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Meralco, QPPL and expensive solar-wind

Meralco, QPPL and expensive solar-wind


In the ongoing woke culture, demonizing fossil fuels and some big corporations while glorifying big government intervention are very common. The lobby against fossil fuels (oil, coal, gas) is based on a confused and irrational belief that fossil fuels, especially coal, cause less rain and more rain, less floods and more floods, less cold and more cold. The lobby against some big corporations is driven by envy and the socialist dream of forced equality.

For many years now there have been sustained attacks against coal power in the country and the world. Then, in recent months, these attacks targeted new and proposed 3,000+ MW coal power contracts by Meralco, the biggest electricity distributor in the Philippines.

Last week, it became an even more focused attack on Meralco by using its Power Purchase Agreement (PPA) with the coal plant Quezon Power Phils. Ltd. Co. (QPPL). The attacks came from the Bayan Muna (BM, which I sometimes call Bayaan Mo Na) Party-list in Congress.

Among the accusations they hauled against Meralco-QPPL are: 1.) overcharging of P2.53/kwh or P4B from January to September 2020; 2.) implying that the PPA is recent and not approved by the Energy Regulatory Commission (ERC); and, 3.) that Meralco is self-dealing and getting its power supply from the gencos it controls. QPPL owner Electricity Generating Public Co. Ltd. (EGCO) of Thailand is a partner of Meralco in San Buenaventura Power Ltd. Co. (SBPLC), another coal plant.

I got interested in these accusations so I checked some numbers, particularly Meralco’s composite generation charge from its various power plant suppliers, using the latest data from the November 2020 billing then going backwards every six months until November 2017. Here is what I discovered.

One, the QPPL share is only about 9% of Meralco’s total power purchase. Two, while QPPL prices are generally higher than the Wholesale Electricity Spot Market (WESM) prices and overall generation charge, there are months and years where QPPL’s prices are lower, like in May 2018 and May 2019. Three, despite big oil-coal tax hikes under the Tax Reform for Acceleration and Inclusion (TRAIN) law of 2017 that pushed upwards the cost of oil-based and coal plants, the generation charge has been declining in 2019 and 2020 (see Table 1).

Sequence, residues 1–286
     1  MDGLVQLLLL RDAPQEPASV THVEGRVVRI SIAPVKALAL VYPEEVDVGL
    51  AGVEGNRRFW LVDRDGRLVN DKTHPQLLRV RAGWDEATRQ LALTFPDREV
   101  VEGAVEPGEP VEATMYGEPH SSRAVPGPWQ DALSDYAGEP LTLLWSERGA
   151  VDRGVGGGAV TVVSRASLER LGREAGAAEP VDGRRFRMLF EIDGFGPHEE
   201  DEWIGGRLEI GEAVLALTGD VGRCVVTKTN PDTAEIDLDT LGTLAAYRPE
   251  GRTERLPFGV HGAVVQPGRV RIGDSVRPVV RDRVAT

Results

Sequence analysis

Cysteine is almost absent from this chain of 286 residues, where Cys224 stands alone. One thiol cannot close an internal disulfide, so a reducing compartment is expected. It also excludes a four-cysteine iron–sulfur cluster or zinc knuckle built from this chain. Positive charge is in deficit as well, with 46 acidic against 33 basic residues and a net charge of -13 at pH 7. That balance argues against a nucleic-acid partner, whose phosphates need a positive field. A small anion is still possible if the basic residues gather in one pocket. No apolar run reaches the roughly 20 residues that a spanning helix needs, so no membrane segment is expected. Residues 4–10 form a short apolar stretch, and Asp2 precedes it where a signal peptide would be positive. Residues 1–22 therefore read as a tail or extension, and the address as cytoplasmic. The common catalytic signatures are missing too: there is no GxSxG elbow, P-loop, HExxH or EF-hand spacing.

Meralco’s biggest PPAs are the First Gen Power Corp. (FGPC) Sta. Rita and San Lorenzo plants in Batangas. These two plants alone supply about 33% or one third of the total power purchase by Meralco.

So the BM “study” is twisted to produce two false assertions.

One, that there is overcharging because the PPA of QPPL-Meralco is a sweetheart deal — wrong. The PPA was approved by the Energy Regulatory Board (ERB), the precursor of ERC, way back in 1995 or even before the EPIRA (Electric Power Industry Reform Act) of 2001. No PPA or power supply agreement (PSA) by Meralco and all other private distribution utilities, past and present, can proceed without public hearings and ERC approval.Read More..

Source : bworldonline
Anand Gupta Editor - EQ Int'l Media Network